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I've been studying the hyperbolic plane and the action of the group $PSL(2,\mathbb{R})$ on it. I found that the modular group $PSL(2,\mathbb{Z})$ is a discrete subgroup of $PSL(2,\mathbb{R})$ so it's Fuchsian.But where does the name of the Modular group come from?How is it related with the Modulii spaces?

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If you wish to study flat structures on the torus $T^2 = \mathbb{R}^2 / \mathbb{Z}^2$, i.e. Euclidean metrics on $T^2$, it comes down to studying lattices in $\mathbb{R}^2$, i.e. discrete subgroups isomorphic to $\mathbb{Z}^2$.

Lattices can be normalized in some fashion. One useful normalization is to rotate and scale the lattice so that $(1,0)$ is a shortest element (not necessarily unique).

Suppose we have a lattice $L \subset \mathbb{R}^2$ has been normalized in that fashion, i.e. $e=(1,0)$ is a shortest element. Then the lattice is determined by its "modulus", which is the (almost) unique point $p=(x,y) \in L$ such that $|p| \ge 1$ (since $(1,0)$ is a shortest element) and $-\frac{1}{2} \le x \le \frac{1}{2}$ (since one can always add multiples of $(1,0)$.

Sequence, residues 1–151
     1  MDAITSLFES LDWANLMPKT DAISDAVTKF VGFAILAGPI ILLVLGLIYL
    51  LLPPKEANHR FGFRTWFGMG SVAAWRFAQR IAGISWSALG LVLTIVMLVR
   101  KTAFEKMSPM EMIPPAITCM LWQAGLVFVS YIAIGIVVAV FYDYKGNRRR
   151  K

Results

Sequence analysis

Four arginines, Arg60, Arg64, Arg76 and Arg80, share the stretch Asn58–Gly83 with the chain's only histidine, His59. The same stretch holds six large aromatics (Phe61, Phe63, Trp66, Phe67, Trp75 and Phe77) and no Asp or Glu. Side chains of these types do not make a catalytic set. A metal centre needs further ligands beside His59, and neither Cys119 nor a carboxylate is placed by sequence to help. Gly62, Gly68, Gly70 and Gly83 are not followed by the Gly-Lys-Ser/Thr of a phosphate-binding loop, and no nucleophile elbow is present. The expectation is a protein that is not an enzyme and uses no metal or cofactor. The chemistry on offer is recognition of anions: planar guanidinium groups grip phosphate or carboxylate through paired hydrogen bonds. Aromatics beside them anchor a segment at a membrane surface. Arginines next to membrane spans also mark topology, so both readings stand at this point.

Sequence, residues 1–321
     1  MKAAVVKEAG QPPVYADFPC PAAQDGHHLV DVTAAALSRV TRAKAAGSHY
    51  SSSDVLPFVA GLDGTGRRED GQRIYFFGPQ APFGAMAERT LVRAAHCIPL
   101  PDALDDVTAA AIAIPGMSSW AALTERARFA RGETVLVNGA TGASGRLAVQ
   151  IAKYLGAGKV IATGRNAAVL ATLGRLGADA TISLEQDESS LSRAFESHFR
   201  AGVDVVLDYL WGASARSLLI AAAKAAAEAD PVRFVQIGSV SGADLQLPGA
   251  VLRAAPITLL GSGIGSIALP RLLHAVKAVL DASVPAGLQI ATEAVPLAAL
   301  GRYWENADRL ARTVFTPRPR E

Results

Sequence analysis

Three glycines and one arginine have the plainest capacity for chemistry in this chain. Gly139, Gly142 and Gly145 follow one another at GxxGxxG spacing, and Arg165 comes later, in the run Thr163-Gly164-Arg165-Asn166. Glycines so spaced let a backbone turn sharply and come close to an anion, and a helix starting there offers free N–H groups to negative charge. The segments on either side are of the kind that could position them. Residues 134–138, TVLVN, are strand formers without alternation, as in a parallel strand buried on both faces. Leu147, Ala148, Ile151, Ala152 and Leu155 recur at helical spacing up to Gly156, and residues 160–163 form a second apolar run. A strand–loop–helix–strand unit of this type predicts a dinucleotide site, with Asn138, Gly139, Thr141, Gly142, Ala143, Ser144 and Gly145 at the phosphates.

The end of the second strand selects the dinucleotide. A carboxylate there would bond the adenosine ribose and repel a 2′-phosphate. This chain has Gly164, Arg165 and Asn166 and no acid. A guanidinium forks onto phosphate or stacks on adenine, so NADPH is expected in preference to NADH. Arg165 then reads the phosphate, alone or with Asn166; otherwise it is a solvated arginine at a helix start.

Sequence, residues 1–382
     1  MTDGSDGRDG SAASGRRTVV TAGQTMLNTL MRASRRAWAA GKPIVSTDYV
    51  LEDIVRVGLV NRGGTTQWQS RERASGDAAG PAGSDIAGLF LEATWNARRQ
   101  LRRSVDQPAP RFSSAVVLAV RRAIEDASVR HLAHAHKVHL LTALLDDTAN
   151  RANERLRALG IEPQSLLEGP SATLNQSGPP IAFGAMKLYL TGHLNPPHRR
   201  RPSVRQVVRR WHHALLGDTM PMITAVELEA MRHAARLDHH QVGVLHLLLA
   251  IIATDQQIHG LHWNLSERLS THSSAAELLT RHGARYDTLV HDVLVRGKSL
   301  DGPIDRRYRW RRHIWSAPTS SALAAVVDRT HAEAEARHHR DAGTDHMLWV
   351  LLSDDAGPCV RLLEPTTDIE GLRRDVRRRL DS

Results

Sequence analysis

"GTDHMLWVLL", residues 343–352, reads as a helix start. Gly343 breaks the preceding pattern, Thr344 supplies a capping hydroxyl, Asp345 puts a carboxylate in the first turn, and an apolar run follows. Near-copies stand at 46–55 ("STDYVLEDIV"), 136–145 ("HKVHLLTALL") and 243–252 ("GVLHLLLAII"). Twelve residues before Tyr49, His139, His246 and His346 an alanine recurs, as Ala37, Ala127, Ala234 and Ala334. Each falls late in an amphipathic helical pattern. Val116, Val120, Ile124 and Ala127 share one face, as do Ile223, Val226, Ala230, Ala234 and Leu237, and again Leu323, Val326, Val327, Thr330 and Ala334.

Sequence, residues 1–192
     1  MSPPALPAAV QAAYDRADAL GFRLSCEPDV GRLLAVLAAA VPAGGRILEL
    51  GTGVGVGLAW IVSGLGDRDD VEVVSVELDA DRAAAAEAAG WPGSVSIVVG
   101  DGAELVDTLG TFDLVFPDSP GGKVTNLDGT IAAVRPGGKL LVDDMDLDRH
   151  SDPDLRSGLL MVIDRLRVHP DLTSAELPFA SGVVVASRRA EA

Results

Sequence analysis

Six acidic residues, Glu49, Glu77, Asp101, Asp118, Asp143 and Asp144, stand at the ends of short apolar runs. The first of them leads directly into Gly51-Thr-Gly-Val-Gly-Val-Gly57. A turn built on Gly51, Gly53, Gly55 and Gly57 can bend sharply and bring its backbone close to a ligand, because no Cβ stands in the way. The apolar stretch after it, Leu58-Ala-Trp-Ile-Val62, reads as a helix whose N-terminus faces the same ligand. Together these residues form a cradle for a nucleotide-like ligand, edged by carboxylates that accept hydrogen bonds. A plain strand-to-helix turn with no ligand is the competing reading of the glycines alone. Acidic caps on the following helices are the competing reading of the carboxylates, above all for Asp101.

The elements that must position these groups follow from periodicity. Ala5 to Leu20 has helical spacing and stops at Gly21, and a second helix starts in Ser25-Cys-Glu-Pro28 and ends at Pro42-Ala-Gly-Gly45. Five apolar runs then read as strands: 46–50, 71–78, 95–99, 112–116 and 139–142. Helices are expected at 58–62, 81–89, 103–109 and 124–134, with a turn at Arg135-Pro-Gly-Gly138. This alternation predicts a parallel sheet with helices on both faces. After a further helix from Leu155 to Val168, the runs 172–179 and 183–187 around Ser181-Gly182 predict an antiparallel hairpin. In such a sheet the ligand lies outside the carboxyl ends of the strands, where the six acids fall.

Now if you work your way through these definitions you'll see that the set $$\{p = (x,y) \,\bigm|\, |p| \ge 1, \quad -\frac{1}{2} \le x \le \frac{1}{2} \} $$ turns out to be a fundamental domain for the action of $PSL(2,\mathbb{Z})$ on the upper half plane $\mathbb{H}^2$ by fractional linear transformation (and, of course, $PSL(2,\mathbb{R})$ is the whole group of orientation preserving isometries of $\mathbb{H}^2$). Furthermore, the non-uniqueness of the choice of $p$ (given the lattice) is exactly the gluing relation on the fundamental domain given by the two transformations under which the edges of this fundamental domain are identified with each other, those two transformations being $z \mapsto z+1$ and $z \mapsto -1/z$.

Thus, the quotient space $\mathbb{H}^2 / PSL(2,\mathbb{Z})$, also known as the "modular space", is the set of "moduli" of normalized flat structures on the torus, and the group $PSL(2,\mathbb{Z})$ is known as the "modular group".

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  • $\begingroup$ Thanks for the answer,ı worked on the fundamental domains and figured out these but ı wasn't aware of the meaning of the modular space in the sense of the torus. $\endgroup$ – mathman May 12 '16 at 16:29

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